There was a small crowd at the event, under 100 people.  Van Zandt talked for about a half-hour about the value of arrangers in rock music.  The lecture was much more interesting than I expected.  He said that all aspiring rock musicians start out as arrangers, as they learn how to play other people's music, and that being a great arranger makes you a better songwriter.  He illustrated his points with audio clips of Chuck Berry originals and The Rolling Stones' covers of those songs (some of which sounded like bootlegs from Van Zandt's collection), then he moved on to Bob Dylan and covers of his songs, and so on through the 1950s, 1960s, and 1970s.  He argued that the period from 1951 to 1971 amounted to a rock and roll renaissance.  And he said that the introduction of CDs was a scam, and that "digital music sounds so fucking bad."  I thought that was an interesting opinion considering who paid for the event.

After his talk, my friend Jessica and I went up to Van Zandt and chatted with him for a few minutes.  We thanked him for the lecture and he said that he thought it went well since he wasn't sure who the audience would be or how the material would be received.  Then we told him we are aspiring rock musicians ourselves, as a bassist and drummer, respectively.  When he heard this Van Zandt looked wary.  His eyes widened.  We thanked him again and moved along to allow others to greet him.  A moment later Jessica turned to me and said "I think he thought we wanted him to listen to our demo tape."  To our credit, we thought we looked really old for people trying to break into the business.

For more coverage of Wednesday's event, check out the Twitter hashtag #emusicsvz.  Several eMusic members, including me, live-tweeted the lecture and caught some of Van Zandt's other points that I may have missed.  I hope eMusic does other events like this one, because it's a fun way to meet other members, learn about music, and enjoy food and swag.  I'm glad I came back to the service after a brief break last year.  I just can't quit you, eMusic.

Thursday, June 10, 2010

USA vs. England in the World Cup, or A blogger divided against himself cannot stand

I'm an American.  While I'm not a “love it or leave it” kind of patriot, I love my country.  It has its problems but it's my home.  My father, on the other hand, was born in England.  He is now as American as any other guy I know, and if you met him you'd have a tough time figuring out that he isn’t originally from here.  (In fact, I'm not sure he's even aware the World Cup is taking place this month.)  I still have family living in England.  And it’s one of my favorite countries to visit.  I’ve always had a special affection for the land of my paternal ancestors.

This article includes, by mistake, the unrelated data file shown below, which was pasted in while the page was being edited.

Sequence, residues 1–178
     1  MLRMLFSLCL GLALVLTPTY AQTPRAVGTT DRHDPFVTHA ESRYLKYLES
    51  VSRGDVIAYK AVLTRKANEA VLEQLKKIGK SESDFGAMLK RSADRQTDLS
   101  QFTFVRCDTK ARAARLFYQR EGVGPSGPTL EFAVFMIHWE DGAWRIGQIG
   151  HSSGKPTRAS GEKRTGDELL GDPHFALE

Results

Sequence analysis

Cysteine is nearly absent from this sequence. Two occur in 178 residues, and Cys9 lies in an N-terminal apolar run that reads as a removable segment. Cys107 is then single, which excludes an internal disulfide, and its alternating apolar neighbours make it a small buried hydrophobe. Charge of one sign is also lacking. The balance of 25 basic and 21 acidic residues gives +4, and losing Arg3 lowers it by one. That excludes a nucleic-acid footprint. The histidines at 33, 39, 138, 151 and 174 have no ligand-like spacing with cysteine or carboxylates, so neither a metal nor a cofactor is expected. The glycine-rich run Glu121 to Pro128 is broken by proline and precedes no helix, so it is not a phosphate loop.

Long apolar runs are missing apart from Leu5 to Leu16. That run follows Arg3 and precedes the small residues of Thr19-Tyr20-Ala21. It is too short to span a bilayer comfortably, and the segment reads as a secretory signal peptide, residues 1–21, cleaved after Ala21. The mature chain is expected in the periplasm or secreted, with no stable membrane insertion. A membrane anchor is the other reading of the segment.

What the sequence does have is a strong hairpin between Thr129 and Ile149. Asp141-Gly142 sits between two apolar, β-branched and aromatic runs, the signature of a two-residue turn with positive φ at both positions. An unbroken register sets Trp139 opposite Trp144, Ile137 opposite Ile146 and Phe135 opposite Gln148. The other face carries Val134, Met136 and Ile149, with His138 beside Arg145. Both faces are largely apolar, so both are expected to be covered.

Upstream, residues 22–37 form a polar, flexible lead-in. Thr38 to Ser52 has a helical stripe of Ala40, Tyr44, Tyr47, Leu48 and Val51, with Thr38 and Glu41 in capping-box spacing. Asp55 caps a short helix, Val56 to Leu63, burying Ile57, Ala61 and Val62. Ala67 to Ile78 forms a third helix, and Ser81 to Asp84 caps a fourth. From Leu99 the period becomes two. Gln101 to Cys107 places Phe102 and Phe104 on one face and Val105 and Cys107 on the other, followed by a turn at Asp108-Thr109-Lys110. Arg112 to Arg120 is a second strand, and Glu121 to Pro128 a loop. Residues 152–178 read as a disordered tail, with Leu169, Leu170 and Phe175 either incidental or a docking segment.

So I have a dilemma when it comes to the World Cup and the USA vs. England match on June 12.  I want to see Team USA win the game, but I also want to see England do well in the tournament.  They haven't won the Cup since 1966, and I do enjoy seeing long championship droughts come to an end.  I think England has a much better shot at winning the World Cup than most teams, and certainly a better chance that we do.  However, I can't root against my home country and live with myself in the morning.  As Stephen Colbert used to say, “Pick a side!  We're at war!”

I'll cheer for Team USA on Saturday.  But I have to approach the match as if it were an NFL game with my favorite team playing against the quarterback on my fantasy football team.  If Team USA wins, I'll scare the neighbors with my screams of joy.  I'm sure they remember my enthusiasm for Team USA in the Olympic hockey tournament.  But if England takes us down I'm not going to be too disappointed.  Besides, with Algeria and Slovenia in our group, Team USA and England should both advance to the championship round.  Depending on the seeding, I can always hope for a rematch.

Monday, June 07, 2010

Blogs With Balls 3.0

Blogs with Balls was about what I expected as a conference. I met people I'd only known online prior to the weekend. I got to enjoy a bit of Chicago. And I got to hear from some smart, funny writers and media experts.  But there are a few things about the event that could be improved.